Both parties have outlined plans to improve aged care after a Royal Commission reported shocking incidences of neglect.

Labor sparked controversy by announcing it will require aged care homes to have a nurse on site 24 hours a day, seven days a week from July 2023, a year before the Commission recommended.

The Coalition warned this would see some practices close because there would not be enough nurses available. 

The ALP will also make a submission to the Fair Work Commission to support a pay rise for aged care workers.   

Manufacturing

The Coalition has a $2.5billion Modern Manufacturing Strategy to help Australian manufacturing scale up. 

Labor will set up a $15billion National Reconstruction Fund to fund major manufacturing projects across the nation. 

The fund will provide loans, guarantees and equity to support projects in resources, transport, agriculture, medicine, energy and defence.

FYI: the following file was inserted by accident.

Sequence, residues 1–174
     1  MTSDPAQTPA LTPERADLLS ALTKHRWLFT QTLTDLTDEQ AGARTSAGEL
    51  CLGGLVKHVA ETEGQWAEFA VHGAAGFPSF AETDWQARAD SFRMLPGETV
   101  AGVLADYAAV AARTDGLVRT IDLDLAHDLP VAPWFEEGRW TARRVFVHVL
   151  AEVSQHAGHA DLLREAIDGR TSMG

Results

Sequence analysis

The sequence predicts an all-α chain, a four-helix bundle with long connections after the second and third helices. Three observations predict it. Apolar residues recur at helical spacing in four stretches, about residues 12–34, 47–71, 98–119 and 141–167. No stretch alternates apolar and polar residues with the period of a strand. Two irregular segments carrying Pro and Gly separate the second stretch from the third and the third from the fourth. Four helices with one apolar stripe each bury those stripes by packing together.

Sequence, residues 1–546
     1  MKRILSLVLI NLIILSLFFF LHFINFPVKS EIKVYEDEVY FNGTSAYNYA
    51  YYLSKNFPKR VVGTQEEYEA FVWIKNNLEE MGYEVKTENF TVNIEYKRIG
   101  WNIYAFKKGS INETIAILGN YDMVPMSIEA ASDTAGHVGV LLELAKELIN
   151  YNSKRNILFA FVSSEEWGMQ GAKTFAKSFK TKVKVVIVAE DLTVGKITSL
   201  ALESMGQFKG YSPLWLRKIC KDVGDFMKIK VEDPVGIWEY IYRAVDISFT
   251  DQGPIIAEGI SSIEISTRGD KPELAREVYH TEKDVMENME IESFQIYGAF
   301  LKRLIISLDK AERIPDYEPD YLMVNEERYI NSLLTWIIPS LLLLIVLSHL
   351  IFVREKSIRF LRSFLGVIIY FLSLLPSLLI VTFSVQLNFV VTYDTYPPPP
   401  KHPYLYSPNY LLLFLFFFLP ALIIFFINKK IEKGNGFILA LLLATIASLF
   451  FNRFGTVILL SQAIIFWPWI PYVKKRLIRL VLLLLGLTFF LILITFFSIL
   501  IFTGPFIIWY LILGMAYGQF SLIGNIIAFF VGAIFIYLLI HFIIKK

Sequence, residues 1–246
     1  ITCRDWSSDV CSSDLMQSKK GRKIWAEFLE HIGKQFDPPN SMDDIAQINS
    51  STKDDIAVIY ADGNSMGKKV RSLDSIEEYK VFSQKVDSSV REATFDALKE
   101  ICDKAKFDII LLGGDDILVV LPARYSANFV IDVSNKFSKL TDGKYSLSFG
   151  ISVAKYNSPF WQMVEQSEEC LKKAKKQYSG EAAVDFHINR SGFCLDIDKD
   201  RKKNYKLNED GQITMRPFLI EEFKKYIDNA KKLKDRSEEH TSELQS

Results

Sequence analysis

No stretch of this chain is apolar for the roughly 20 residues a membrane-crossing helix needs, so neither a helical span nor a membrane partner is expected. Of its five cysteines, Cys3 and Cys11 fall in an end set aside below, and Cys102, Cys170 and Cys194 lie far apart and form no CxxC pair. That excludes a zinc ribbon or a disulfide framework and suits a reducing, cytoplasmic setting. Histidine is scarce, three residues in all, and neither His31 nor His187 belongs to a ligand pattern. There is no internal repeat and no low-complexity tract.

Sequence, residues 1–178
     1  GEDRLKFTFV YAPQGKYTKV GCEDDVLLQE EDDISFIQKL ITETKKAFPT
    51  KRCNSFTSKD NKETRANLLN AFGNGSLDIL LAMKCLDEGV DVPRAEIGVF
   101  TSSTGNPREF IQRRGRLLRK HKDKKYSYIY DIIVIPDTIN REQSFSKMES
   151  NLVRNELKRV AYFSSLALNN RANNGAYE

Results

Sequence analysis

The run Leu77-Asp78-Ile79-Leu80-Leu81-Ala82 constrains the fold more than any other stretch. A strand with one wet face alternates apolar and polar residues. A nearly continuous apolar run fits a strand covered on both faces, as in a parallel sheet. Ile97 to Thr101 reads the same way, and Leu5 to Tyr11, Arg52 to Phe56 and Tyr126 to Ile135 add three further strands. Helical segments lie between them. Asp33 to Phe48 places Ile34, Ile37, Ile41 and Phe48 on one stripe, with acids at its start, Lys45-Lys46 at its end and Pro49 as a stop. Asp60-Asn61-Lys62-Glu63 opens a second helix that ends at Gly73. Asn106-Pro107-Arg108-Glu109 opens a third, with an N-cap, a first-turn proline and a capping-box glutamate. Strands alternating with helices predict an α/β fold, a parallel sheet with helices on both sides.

Labor will set up a $15billion National Reconstruction Fund to fund major manufacturing projects across the nation. The Coalition has a $2.5 billion Modern Manufacturing Strategy to help Australian manufacturing scale up. Pictured: Sydney tradies

Labor will set up a $15billion National Reconstruction Fund to fund major manufacturing projects across the nation. The Coalition has a $2.5 billion Modern Manufacturing Strategy to help Australian manufacturing scale up. Pictured: Sydney tradies

Labor says the policy will ‘secure well-paid jobs, drive regional development, and invest in our national sovereign capability, broadening and diversifying Australia’s economy.’ 

Trains, trams and ferries will be made in Australia instead of overseas and a fast rail line between Sydney and Newcastle will be built. 

Corruption watchdog

Labor will set up a federal integrity commission which the Morrison Government promised in 2019 then failed to deliver.